After reports that pop singer Demi Lovato appeared stating that the star had been taken to the hospital with an apparent overdose, fans and friends took to Twitter to share their support. The support has now turned into an important conversation about the stigma of addiction.
Lovato is currently with family and a representative told The Hollywood Reporter:
Demi is awake and with her family who want to express thanks to everyone for the love, prayers and support. Some of the information being reported is incorrect and they respectfully ask for privacy and not speculation as her health and recovery is the most important thing right now
No one can say what Lovato will chose to do for her own well being, but her overdose has brought to the public eye the need for a deeper understanding about what it means to struggle with addiction. There shouldn't be any shame around relapsing, as it sometimes a part of long-term recovery.
The most important thing to come out of this is that people are talking in a real way about addiction, recovery, and prison reform.
The story of Demi Lovato should remind everyone that addiction is an illness, not a choice https://t.co/BZvjEMSZc1— The Independent (@The Independent)1532534287.0
The U.S. Surgeon General weighed in to set some facts straight.
We have to remember addiction is a chronic illness, and should be treated as such. The road to recovery looks diffe… https://t.co/BoAMFK3GLo— U.S. Surgeon General (@U.S. Surgeon General)1532474077.0
We need to treat #addiction with the same urgency & compassion that we do with any other illness.… https://t.co/5dWg1e9UHp— U.S. Surgeon General (@U.S. Surgeon General)1483988868.0
Demi Lovato's relapse should be an opportunity for us all to learn more and be more conscious of how addiction affe… https://t.co/ZDk4iyytxK— The Mary Sue (@The Mary Sue)1532538321.0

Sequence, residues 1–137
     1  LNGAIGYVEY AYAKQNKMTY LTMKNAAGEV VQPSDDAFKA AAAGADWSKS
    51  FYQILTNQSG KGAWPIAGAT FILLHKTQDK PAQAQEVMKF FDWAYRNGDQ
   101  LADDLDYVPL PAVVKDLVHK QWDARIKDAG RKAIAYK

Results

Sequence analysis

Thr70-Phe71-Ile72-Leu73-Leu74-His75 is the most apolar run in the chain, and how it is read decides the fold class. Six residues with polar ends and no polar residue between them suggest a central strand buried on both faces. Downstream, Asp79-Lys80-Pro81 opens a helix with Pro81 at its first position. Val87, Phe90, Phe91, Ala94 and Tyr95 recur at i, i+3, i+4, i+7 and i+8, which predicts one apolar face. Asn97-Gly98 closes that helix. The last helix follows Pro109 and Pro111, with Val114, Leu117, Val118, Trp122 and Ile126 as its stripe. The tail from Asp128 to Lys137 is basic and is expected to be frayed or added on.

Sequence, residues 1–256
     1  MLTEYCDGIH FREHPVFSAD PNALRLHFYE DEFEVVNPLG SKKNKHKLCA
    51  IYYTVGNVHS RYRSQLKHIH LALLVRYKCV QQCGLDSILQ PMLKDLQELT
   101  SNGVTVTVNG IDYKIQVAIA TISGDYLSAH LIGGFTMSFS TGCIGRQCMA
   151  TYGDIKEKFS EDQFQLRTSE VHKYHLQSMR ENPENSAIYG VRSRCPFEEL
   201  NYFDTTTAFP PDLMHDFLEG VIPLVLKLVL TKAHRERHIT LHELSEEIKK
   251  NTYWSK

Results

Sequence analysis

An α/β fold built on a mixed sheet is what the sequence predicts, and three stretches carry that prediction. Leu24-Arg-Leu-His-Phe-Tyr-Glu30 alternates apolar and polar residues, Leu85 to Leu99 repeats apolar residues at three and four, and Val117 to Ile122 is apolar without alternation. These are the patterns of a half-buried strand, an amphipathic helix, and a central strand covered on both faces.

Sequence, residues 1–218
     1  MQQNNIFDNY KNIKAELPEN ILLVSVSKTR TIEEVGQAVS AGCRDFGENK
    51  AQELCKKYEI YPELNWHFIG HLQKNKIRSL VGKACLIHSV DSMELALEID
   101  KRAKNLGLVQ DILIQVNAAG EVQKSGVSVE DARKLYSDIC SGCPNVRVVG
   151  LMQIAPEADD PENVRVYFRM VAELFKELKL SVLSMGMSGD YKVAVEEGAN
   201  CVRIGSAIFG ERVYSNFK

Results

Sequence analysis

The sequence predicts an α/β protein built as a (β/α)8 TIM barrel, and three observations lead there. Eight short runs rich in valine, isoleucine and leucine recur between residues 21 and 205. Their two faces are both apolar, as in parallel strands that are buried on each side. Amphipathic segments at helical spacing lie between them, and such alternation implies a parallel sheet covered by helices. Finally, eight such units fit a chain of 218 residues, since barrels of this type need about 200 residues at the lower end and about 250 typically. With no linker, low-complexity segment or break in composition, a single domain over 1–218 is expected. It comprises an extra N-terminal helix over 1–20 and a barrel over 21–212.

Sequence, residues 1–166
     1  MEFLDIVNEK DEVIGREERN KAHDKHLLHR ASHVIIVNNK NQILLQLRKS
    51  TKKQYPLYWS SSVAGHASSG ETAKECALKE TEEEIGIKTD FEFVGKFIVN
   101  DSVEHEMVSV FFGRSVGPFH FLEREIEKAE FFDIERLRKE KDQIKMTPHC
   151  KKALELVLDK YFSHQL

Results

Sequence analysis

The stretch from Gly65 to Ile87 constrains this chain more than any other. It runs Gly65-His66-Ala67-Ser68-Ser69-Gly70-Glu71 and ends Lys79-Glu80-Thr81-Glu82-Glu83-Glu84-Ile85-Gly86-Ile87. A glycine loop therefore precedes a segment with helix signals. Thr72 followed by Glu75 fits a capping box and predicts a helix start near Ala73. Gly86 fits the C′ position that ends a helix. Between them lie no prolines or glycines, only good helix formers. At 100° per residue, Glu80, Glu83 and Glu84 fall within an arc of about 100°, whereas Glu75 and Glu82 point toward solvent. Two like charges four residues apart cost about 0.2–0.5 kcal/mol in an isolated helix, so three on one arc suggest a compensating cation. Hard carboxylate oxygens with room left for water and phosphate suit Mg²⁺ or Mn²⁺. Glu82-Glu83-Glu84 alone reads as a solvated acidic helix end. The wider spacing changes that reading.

"This is drug addiction, it's a chronic illness...there's nothing wrong with this...she will get better." @drdrew… https://t.co/oFSjZk9iZV— Good Morning America (@Good Morning America)1532518927.0
The conversation allowed others to open up with their personal stories.
@taylorndean My brother has been 3 years sober now and still struggles, but he helps everyone he can. He saw a lady… https://t.co/m0T61wg0yF— Kelsey (@Kelsey)1532535963.0
@taylorndean I lost my dad 3 years ago to addiction. To this day I still deal with people saying ‘well he was an ad… https://t.co/eDVlFPeBVY— georgia (@georgia)1532537914.0
@georgiaaoneilll @taylorndean I am a addict and it's a day to day sometimes minute by minute struggle I lost everyt… https://t.co/KdVtRE9Zgi— Tracey Crowell (@Tracey Crowell)1532556915.0
@georgiaaoneilll @taylorndean My bio dad was a heroin addict. My teenage mother put her foot down when I was three… https://t.co/C3soqS7sNe— guineapig-mom (@guineapig-mom)1532546573.0
@georgiaaoneilll @taylorndean I’m truly sorry for this. My father is a cocaine addict and it’s a daily battle with… https://t.co/QlK13c7oJd— Val (@Val)1532566563.0
As someone who grew up with family members who were greatly affected by substance addiction, it hurts to see the wa… https://t.co/PiCgwS3mn5— KOD(a) (@KOD(a))1532495640.0
We hope there is good to come out of this situation, like the need to reform the way we treat drug offenders.
I hope this story turns out OK, and also hope it helps many more people see how evil, wrong, stupid and immoral it… https://t.co/uWEG6jjYjY— Glenn Greenwald (@Glenn Greenwald)1532470052.0
@ggreenwald I agree it's a public health issue not a criminal one— aleks (@aleks)1532471544.0
@ggreenwald So true ending bias judgement & treating addiction as a health problem for everyone.— suzane m (@suzane m)1532472289.0
@ggreenwald I'm not holding my breath. When ever there is a profit for prison culture, there is always a need to fi… https://t.co/oNYmmJ82qD— Usaid (M) Siddiqui (@Usaid (M) Siddiqui)1532470166.0
We wish Lovato the best in her recovery, but this is a conversation that goes far beyond one person. There are currently over 200,000 people in prison for drug offenses. Let's keep talking.